Johnson also, however, struck a nerve with many in the LGBTQ community that same year when he voiced his opposition to full sex work decriminalization. That issue shot to the forefront of queer advocacy in 2019 — the same year that the DecrimNY coalition swept through the city. DecrimNY, Gay Men’s Health Crisis, the New York City Anti-Violence Project, VOCAL-NY, and WOMANKIND and other organizations criticized Johnson for his stance on that issue.
On the contrary, many of the incoming Democratic members of the LGBT Caucus explicitly campaigned on decriminalizing sex work — and after the passage of state-based legislation repealing the ban on Walking While Trans, there is reason to believe that those out members of the Council will serve as strong advocates for the decriminalization movement as well as other progressive causes.
Menchaca is especially excited about the two incoming LGBTQ lawmakers in his borough — Chi Ossé and Crystal Hudson — and he said they bring a “whole new set of connections to the neighborhood.” He said he would have liked to have another out councilmember in his borough during his time in office.
The other incoming members of the LGBT Caucus are Manhattan’s Erik Bottcher, who is succeeding Johnson in District 3 and served as his chief of staff for seven of his eight years in office, and Kristin Richardson Jordan of District 9; Lynn Schulman and Tiffany Cabán of Queens; and Staten Island Republican David Carr.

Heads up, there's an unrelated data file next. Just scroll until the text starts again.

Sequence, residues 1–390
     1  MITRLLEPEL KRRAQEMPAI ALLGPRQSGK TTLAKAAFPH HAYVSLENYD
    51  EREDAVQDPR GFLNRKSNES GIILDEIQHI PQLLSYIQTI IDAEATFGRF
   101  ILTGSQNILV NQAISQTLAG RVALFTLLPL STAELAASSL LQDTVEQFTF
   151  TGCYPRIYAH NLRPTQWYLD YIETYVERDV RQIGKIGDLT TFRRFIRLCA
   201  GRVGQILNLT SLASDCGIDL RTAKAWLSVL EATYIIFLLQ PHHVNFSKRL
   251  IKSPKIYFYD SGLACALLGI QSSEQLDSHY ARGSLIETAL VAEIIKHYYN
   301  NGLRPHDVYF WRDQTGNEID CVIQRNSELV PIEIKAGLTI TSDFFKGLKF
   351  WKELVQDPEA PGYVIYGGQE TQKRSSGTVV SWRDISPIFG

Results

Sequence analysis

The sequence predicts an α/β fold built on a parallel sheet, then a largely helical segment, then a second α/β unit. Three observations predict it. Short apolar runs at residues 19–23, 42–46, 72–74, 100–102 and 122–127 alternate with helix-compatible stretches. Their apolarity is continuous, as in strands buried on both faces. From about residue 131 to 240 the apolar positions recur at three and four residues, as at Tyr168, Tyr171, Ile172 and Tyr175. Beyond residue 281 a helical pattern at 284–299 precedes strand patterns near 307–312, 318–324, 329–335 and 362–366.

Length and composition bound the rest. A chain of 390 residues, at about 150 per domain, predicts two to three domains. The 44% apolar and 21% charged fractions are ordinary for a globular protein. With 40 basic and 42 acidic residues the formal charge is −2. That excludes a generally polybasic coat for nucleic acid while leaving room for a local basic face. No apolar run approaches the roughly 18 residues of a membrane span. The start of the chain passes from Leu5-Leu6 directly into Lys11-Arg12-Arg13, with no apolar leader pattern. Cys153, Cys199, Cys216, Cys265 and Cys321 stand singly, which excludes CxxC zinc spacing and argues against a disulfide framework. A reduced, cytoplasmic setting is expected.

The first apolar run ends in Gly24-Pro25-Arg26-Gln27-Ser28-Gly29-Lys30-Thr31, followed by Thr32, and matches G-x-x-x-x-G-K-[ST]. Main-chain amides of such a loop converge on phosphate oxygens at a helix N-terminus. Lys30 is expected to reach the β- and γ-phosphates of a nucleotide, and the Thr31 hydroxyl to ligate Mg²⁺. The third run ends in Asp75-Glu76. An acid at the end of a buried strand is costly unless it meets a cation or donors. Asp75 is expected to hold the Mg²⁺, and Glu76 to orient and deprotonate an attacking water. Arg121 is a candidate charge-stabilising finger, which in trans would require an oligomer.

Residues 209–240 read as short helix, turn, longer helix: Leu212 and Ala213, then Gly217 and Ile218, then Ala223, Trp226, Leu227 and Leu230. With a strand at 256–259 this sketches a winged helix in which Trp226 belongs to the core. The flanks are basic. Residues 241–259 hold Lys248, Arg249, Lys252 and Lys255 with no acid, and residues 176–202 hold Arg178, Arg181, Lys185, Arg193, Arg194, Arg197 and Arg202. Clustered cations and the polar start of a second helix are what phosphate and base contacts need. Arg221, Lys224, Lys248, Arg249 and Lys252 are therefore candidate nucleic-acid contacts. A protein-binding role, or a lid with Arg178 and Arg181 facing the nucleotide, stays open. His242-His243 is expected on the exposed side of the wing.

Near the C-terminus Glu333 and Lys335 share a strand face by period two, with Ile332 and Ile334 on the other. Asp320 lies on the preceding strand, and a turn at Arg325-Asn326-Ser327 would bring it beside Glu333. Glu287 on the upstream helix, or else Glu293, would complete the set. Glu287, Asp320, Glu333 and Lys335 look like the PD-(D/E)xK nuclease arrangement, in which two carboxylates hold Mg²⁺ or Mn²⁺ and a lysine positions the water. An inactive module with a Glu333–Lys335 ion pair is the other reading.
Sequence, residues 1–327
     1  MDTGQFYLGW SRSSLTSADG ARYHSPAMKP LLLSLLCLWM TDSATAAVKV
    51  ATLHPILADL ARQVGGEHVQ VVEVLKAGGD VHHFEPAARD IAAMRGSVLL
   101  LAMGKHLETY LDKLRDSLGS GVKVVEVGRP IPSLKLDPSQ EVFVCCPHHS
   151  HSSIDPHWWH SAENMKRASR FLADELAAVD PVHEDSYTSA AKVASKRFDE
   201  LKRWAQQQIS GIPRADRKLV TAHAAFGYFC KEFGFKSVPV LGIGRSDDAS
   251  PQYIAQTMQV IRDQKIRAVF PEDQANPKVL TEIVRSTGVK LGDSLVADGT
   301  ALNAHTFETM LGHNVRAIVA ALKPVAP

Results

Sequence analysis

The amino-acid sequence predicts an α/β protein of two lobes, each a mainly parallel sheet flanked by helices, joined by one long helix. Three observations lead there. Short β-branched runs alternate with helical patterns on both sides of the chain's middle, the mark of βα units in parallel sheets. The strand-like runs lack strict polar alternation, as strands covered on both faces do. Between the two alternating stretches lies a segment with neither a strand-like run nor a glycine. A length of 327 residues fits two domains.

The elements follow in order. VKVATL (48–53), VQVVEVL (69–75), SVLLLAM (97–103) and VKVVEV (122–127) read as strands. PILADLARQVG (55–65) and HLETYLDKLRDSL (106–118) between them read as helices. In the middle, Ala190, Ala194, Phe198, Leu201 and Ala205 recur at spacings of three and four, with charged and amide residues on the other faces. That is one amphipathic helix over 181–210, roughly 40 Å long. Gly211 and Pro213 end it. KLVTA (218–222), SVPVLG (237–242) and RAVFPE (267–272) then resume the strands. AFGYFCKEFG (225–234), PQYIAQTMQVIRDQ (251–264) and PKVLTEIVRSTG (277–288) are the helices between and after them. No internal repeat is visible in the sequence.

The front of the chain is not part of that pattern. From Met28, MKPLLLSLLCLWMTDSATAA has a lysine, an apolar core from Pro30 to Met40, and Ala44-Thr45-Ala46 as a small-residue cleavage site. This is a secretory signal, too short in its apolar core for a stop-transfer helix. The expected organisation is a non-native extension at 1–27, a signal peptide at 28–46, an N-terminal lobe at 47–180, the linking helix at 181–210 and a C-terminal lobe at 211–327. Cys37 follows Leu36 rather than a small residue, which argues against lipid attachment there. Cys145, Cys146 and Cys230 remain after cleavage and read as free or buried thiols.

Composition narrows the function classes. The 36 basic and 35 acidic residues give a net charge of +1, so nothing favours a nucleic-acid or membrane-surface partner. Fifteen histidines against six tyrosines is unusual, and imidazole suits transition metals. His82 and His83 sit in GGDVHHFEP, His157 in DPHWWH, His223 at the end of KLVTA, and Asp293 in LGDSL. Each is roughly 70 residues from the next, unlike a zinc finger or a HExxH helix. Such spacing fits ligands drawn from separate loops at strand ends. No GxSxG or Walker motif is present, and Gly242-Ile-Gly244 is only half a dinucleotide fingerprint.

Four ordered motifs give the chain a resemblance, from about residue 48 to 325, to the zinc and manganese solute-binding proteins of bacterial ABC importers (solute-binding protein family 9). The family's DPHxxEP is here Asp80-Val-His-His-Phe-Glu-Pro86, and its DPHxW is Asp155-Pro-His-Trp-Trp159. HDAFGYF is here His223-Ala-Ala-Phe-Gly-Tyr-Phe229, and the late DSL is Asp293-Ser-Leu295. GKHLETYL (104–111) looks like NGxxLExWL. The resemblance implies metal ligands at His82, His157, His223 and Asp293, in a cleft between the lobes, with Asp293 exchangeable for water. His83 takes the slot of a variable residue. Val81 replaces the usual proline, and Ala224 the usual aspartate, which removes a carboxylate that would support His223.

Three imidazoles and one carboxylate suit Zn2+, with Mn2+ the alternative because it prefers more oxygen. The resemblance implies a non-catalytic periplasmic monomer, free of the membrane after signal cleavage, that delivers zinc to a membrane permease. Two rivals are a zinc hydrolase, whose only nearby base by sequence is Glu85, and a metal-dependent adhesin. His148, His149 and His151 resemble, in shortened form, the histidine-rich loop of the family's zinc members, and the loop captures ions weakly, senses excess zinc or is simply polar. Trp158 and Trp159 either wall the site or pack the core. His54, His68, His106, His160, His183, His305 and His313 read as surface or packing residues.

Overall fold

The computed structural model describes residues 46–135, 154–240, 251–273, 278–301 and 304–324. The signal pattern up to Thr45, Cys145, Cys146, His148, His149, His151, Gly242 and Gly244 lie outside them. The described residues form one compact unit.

On their way out, the term-limited LGBT Caucus members expressed their willingness to remain active, but some also voiced a desire to take a break. They recognized that much has changed in their own lives during their time in office — and cited the taxing nature of that work.
Van Bramer and his husband Dan Hendrick got married in 2012, while Menchaca said he was in a long-term relationship when he entered the Council but is leaving the chamber as a single man.
“I say that because there is so much sacrifice in this job and it’s real,” he said. “I now hope to refocus on my personal life.”
Menchaca has “nothing to report” on his future for now, but said he is “exploring some ideas with the new administration.” He also hinted at the possibility of some role beyond the five boroughs, saying he wants “to explore my services not just to the city, but to the state.”
Dromm, meanwhile, is taking some time off and said he has a house upstate and two dogs to accompany him.
“I want to stay involved with something somehow, probably in education,” Dromm said. “The four things I focused on were criminal justice reform, LGBTQ, education, and immigration, so looking forward to the future, I still want to be involved in those issues. I’ve been given offers to be on boards and things like that, but I want to decompress and figure out how much time I can really give.”
According to the New York Post, Johnson is considering launching a government-relations consulting shop.
As for Van Bramer, something new is on the horizon — but he’s not yet ready to disclose it.
“I’m very excited about what’s coming next for me professionally and I should have an announcement about that in January — but not just yet,” he said.